T-Mobile CEO defends Sprint deal in Congress
By Diane Bartz and David Shepardson WASHINGTON (Reuters) - T-Mobile US Inc Chief Executive John Legere defended his company's $26 billion deal to buy rival wireless carrier Sprint Corp in Congress on Wednesday, stressing the jobs it will create and how it will benefit construction of the next generation of wireless networks. 'Our merger will be jobs positive from day one,' Legere told lawmakers, saying that by 2024 the combined carrier would have 11,000 more jobs than the stand-alone firms. The deal would also result in 'lower prices and better services' because the company's costs will fall and consumers will be able to drop fixed broadband plans, he said
By Diane Bartz and David Shepardson
WASHINGTON (Reuters) - T-Mobile US Inc Chief Executive John Legere defended his company's $26 billion deal to buy rival wireless carrier Sprint Corp in Congress on Wednesday, stressing the jobs it will create and how it will benefit construction of the next generation of wireless networks.
"Our merger will be jobs positive from day one," Legere told lawmakers, saying that by 2024 the combined carrier would have 11,000 more jobs than the stand-alone firms. The deal would also result in "lower prices and better services" because the company's costs will fall and consumers will be able to drop fixed broadband plans, he said.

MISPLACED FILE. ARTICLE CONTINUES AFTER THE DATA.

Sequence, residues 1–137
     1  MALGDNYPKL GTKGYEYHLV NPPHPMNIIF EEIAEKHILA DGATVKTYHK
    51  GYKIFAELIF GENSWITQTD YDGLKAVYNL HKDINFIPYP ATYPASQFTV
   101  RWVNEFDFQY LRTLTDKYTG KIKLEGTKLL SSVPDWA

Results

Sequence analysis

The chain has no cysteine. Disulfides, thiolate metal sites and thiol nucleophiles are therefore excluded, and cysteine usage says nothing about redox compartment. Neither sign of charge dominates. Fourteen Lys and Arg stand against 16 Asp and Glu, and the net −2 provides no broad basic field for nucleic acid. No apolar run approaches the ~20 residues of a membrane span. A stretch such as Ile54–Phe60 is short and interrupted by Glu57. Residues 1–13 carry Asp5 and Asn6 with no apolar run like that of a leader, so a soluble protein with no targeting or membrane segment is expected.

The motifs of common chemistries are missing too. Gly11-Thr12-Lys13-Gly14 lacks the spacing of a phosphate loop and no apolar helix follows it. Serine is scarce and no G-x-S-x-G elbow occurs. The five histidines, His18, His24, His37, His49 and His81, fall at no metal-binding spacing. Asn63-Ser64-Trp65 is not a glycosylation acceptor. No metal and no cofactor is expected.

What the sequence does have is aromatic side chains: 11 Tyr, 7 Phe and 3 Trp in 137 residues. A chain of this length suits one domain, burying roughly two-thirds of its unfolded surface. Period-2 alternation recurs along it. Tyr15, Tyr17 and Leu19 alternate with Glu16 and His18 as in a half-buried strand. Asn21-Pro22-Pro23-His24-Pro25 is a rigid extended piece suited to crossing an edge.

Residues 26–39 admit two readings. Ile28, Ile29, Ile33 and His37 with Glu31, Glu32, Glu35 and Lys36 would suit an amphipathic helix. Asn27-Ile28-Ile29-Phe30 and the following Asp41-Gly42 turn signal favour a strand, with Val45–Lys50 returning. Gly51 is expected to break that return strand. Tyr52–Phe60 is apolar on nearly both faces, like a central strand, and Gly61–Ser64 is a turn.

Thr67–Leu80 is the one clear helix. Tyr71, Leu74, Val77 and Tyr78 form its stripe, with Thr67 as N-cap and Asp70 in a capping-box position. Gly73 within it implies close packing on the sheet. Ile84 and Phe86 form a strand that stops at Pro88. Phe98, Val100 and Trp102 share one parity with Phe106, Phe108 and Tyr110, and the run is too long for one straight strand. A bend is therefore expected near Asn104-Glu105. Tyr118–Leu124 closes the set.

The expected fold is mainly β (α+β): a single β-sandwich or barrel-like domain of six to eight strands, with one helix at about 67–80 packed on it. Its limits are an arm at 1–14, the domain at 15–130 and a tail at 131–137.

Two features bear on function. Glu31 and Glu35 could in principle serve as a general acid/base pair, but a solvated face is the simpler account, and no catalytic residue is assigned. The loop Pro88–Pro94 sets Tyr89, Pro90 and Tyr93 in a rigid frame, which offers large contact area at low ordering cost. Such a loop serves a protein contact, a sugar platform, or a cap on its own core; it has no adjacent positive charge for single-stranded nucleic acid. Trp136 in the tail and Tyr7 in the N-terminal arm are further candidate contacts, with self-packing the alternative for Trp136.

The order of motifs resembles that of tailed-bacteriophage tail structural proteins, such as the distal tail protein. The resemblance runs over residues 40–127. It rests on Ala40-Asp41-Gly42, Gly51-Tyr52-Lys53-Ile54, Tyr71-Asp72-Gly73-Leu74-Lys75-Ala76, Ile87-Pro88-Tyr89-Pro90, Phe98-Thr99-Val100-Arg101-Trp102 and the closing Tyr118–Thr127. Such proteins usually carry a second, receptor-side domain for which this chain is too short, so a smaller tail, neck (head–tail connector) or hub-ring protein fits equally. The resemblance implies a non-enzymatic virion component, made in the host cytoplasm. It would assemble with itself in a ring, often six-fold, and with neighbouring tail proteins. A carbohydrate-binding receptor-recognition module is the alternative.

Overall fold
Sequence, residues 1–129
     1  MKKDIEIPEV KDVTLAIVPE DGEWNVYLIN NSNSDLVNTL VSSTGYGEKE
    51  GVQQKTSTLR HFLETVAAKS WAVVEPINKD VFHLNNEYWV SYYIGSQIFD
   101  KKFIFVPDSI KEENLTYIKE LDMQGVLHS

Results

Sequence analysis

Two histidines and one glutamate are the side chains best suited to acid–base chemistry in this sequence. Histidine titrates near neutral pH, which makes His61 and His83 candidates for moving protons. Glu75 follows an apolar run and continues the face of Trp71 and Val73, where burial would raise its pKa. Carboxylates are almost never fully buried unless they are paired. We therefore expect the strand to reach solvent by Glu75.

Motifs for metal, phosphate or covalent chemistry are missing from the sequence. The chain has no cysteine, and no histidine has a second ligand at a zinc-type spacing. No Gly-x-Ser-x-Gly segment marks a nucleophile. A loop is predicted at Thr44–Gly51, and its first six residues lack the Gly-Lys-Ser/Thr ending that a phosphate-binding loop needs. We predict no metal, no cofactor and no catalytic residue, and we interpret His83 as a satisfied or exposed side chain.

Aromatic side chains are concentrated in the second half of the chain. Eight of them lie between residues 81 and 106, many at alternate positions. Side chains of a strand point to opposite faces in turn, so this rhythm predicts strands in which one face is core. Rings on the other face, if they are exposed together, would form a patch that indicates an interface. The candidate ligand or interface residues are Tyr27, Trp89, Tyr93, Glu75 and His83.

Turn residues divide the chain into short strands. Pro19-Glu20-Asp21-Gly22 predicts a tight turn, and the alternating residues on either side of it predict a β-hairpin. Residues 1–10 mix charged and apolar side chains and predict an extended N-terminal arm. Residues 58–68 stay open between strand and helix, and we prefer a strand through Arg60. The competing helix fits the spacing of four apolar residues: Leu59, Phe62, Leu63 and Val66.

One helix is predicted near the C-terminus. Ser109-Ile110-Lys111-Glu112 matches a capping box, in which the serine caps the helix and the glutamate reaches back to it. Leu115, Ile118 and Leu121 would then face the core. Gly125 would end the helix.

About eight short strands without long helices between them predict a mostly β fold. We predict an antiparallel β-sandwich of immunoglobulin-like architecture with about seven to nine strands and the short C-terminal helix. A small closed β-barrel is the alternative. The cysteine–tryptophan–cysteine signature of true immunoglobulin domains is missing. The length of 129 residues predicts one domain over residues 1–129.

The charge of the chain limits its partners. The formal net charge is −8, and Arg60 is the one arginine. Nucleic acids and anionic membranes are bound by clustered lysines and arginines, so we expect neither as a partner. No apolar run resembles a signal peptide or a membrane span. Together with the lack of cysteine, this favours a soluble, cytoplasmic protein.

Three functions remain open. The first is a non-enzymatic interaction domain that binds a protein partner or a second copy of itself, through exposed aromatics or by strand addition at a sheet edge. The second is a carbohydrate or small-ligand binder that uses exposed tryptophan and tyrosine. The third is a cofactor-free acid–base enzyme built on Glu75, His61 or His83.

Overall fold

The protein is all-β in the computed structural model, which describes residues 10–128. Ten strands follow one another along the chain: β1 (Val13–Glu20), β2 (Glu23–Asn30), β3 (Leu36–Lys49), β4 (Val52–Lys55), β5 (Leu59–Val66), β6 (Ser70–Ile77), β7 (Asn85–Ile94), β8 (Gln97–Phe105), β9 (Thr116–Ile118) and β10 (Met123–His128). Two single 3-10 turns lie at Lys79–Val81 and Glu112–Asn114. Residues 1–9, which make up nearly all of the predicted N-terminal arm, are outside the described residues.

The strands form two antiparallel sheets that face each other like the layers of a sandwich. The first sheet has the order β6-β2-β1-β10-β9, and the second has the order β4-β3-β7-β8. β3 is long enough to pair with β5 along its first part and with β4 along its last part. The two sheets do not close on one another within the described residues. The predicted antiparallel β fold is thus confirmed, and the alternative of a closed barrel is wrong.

The deal to combine the No. 3 and No. 4 U.S. wireless carriers, struck in April, was approved by both companies' shareholders in October and has received national security clearance, but still needs approval from the Department of Justice and the Federal Communications Commission.
Unions, consumer advocates, rural operators and some lawmakers have criticized the deal, saying it will cause job losses and lead to higher prices.
Representative Mike Doyle, who chairs a House of Representatives Energy and Commerce Committee panel holding a hearing on Wednesday, raised concerns about the deal.
"It's hard to think of one where consolidation did not result in people losing their jobs, prices going up and innovation being stifled," Doyle said.
Communications Workers of America President Chris Shelton told the committee that the deal would "kill American jobs, lower wages, and raise prices."
Legere along with Sprint executive chairman Marcelo Claure are answering questions from lawmakers this week. A Judiciary Committee panel will also hear from the executives although the date is uncertain.
Rural operators are some of Legere's fiercest critics. Carri Bennet, general counsel at the Rural Wireless Association, said the merger "will force rural Americans to pay more money for wireless services," especially if they contract with a mobile virtual network operator who buys wholesale access to Sprint's network and re-sells it.
She said that Sprint is the only one of the four national carriers that offers anything approximating commercially reasonable roaming rates to rural carriers. "It (the merger) should be denied," she said.
In the U.S. wireless market, the industry leaders are AT&T Inc and Verizon Communications Inc.